• 8La. C.C.P. art. 2088 (“[T]he trial court maintains jurisdiction to convert the suspensive appeal to a devolutive appeal, except in an eviction case.”); see, e.g., Frandria v. Holden, 2020-0410, p. 5 (La. App. 1 Cir. 12/30/20), 319 So. 3d 332, 337 (citation omitted) (“Frandria is proceeding in the trial court in forma pauperis and would not be entitled to a suspensive appeal. Accordingly, we treat this appeal as a devolutive appeal.”); Muller v. Fort Pike Volunteer Fire Dep’t, 2019-0156, p. 6 (La. App. 4 Cir. 6/26/19), 275 So. 3d 927, 932 (“The record does not reflect that Mr. Muller paid the appeal bond. Accordingly, we convert his suspensive appeal to a devolutive appeal.”); White v. Rogers, 04-1434, pp. 3–4 (La. App. 5 Cir. 4/26/05), 905 So. 2d 1088, 1090 (“The suspensive appeal was erroneously granted because no security was provided . . . . Plaintiffs are entitled to a devolutive appeal, which is timely, since the motion for appeal was filed on July 9, 2004, or within 60 days from the expiration of the 7 day delay for applying for a new trial . . . .”); Bass v. Serv. Pipe Trucking Co., Inc., 267 So. 2d 63, 63–64 (La. App. 3 Cir. 1972) (“Insofar as the appeal purports to suspend the judgment, it must be dismissed. However, since the order granting plaintiff-appellant’s appeal in forma pauperis was signed within the delay allowed for a devolutive appeal, this appeal will be upheld as a devolutive appeal.”).
  • 9For a more detailed discussion of appellate practice in eviction cases, see Section 9 of the chapter on landlord-tenant law.
  • 10La. C.C.P. art. 2088 (“[T]he trial court maintains jurisdiction to convert the suspensive appeal to a devolutive appeal, except in an eviction case.”).
  • 11New Orleans Hat Attack, Inc. v. New York Life Ins. Co., 95-0055, pp. 3–4 (La. App. 4 Cir. 11/30/95), 665 So. 2d 1186, 1189.
  • 12Jenkins v. Johnson, 2019-0985, p. 1 (La. App. 1 Cir. 7/29/19), 2019 WL 3407178.
  • 13Id.
  • 14Id. The First Circuit is not alone in coming to this rent-as-suspensive-bond conclusion. See Windmill Creek N. - 1st Lake v. Gowan, 20-85, pp. 1–2 (La. App. 5 Cir. 2/21/20), 2020 WL 875252; 429 Bourbon St., LLC v. RMDR Investments, Inc., 2016-0800, p. 22 (La. App. 4 Cir. 11/15/17), 230 So. 3d 256, 270 (“In eviction matters, the district court has the discretion to set the amount of the suspensive appeal bond in an amount sufficient to protect the appellee against all such damage as he may sustain as a result of the appeal.”); Lakewind E. Apartments v. Poreé, 629 So. 2d 422, 423 (La. App. 4 Cir. 1993). The Lakewind court described the situation as the trial court’s selection between two options: In order to set a suspensive appeal bond sufficient to protect the appellee in this type of case, the trial court has two choices. One alternative would be to attempt to estimate the amount of time the case might be on appeal, then multiply that number of months times the rental price. The other alternative would be to do exactly what the trial judge did in this case and require the appellant to post the rental amounts as the rent becomes due. Lakewind E. Apartments, 629 So. 2d at 423. Building on this background, the Windmill Creek court explained why rent is perfectly suited as a bond alternative: Because the purpose of a bond is to protect the appellee against damages he may sustain as a result of the appeal, and because we recognize that the damages typically contemplated in cases of eviction are the potential lost rents to the landlord while an appeal is pending, we find that, in light of Relator’s pauper status, to the extent that the trial court ordered Relator to post $764 immediately into the court registry as bond, we find that the trial court abused its discretion. The landlord is unlikely to sustain any monetary damages while awaiting trial de novo in this case because the February rent has been paid, and the Relator has agreed to place the March rent into the court registry prior to the trial scheduled on March 3, 2020. We find this to be an acceptable alternative. Therefore, we vacate the lower court’s ruling, which conditioned the stay of the judgement of eviction upon the immediate posting of $764 rent into the registry court, and instead order Relator to pay her rent into the registry of the court when it becomes due in March 2020. Windmill Creek N. - 1st Lake, 20-85, pp. 1–2, 2020 WL 875252.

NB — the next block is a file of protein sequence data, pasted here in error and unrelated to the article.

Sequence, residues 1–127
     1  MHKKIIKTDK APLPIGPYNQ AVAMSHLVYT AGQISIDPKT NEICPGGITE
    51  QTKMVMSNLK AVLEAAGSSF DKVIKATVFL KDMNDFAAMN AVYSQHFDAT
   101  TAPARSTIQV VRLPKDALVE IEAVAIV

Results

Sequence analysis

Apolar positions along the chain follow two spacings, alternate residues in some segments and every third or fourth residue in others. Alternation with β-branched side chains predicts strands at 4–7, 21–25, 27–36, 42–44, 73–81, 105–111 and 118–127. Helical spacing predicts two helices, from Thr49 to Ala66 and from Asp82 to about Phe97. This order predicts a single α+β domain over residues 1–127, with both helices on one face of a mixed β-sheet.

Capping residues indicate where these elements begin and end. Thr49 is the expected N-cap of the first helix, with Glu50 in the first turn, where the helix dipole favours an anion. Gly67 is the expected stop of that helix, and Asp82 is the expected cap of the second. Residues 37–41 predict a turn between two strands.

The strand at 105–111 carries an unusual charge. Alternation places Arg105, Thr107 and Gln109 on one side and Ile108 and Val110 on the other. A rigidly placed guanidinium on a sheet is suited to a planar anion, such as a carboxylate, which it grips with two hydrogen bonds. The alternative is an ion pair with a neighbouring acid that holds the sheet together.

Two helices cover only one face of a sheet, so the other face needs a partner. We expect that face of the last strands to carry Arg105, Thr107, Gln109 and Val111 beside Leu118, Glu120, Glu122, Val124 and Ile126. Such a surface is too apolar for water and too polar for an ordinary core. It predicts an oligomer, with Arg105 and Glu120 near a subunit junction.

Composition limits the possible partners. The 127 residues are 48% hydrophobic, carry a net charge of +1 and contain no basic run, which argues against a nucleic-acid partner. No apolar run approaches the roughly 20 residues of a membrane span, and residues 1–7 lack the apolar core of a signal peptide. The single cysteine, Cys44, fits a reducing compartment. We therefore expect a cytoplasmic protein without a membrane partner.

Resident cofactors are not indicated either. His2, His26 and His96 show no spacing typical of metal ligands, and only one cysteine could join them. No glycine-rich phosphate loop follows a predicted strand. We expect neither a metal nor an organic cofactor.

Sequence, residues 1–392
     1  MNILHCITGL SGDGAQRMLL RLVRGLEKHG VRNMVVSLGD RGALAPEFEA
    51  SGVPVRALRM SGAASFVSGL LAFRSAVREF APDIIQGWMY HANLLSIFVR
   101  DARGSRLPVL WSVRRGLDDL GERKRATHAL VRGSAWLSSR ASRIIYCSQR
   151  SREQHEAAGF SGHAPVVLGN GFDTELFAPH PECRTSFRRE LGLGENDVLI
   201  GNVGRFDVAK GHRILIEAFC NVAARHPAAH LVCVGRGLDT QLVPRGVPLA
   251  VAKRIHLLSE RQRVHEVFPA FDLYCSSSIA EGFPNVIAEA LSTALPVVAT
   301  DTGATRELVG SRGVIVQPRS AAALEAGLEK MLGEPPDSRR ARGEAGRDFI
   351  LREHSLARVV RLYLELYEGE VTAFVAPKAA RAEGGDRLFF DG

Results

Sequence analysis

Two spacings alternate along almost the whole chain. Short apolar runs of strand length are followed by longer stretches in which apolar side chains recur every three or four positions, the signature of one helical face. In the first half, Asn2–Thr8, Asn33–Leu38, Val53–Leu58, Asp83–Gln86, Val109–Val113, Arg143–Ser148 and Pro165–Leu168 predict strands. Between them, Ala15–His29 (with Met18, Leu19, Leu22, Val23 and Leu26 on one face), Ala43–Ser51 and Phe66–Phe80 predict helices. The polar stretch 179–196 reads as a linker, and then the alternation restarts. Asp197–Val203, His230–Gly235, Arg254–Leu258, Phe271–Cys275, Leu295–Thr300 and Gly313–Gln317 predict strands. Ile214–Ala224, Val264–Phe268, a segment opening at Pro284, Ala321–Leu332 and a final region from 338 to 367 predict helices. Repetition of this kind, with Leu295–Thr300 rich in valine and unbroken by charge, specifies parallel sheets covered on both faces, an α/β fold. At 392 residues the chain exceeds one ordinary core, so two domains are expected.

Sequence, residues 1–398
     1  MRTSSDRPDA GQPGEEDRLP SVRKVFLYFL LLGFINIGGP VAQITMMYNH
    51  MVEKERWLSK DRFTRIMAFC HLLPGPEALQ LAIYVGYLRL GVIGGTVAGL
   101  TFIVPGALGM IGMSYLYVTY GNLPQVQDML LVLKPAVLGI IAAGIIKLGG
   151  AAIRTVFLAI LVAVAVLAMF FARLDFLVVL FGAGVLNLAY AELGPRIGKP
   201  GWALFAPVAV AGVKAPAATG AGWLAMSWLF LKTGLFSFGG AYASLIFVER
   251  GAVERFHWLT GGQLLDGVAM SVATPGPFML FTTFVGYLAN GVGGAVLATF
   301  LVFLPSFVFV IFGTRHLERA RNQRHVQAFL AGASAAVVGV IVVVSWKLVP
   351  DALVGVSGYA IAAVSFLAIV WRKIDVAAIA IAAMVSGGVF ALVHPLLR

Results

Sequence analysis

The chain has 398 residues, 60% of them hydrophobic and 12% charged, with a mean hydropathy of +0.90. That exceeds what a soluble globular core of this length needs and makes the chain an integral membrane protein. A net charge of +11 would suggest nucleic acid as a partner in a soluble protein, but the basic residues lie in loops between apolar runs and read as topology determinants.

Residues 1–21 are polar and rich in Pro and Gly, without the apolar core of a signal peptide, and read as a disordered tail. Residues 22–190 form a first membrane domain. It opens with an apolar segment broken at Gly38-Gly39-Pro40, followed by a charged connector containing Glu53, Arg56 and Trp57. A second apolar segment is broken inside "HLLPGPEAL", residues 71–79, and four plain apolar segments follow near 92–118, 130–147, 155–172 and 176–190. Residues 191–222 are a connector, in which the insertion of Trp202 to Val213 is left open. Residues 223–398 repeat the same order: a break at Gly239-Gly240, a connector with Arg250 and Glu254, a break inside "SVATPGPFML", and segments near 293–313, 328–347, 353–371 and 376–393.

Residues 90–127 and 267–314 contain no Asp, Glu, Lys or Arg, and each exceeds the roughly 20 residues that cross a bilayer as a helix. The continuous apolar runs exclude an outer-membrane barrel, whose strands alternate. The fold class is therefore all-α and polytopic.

• 15La. C.C.P. art. 4735. Even in the case of a suspensive bond, the IFP litigant may be permitted to post a surety bond, rather than a cash bond. See La. C.C.P. art. 5121 (emphasis added) (“When a party to a judicial proceeding is required by law or order of court to furnish security, any bond so furnished shall be made payable to the clerk of the trial court in which the proceeding was brought.”). When considering an appeal bond, “the trial court has jurisdiction [to] . . . [t]est the solvency of the surety on the appeal bond as of the date of its filing or subsequently, consider objections to the form, substance, and sufficiency of the appeal bond.” La. C.C.P. art. 2088. As the Fourth Circuit determined, “The trial court is vested with the jurisdiction to test the solvency of the surety, the substance, and sufficiency of the appeal bond; however we do not find that the trial court is vested with the discretion of mandating the type of the appeal bond.” Filmore Parc Apartments v. Howard, No. 2004-C-1299 (La. App. 4 Cir. 7/30/2004).
  • 16La. C.C.P. art. 4912.
  • 17La. C.C.P. art. 4925 (requiring an appeal filing within fifteen days of judgment).

Disclaimer: The articles in the Gillis Long Desk Manual do not contain any legal advice.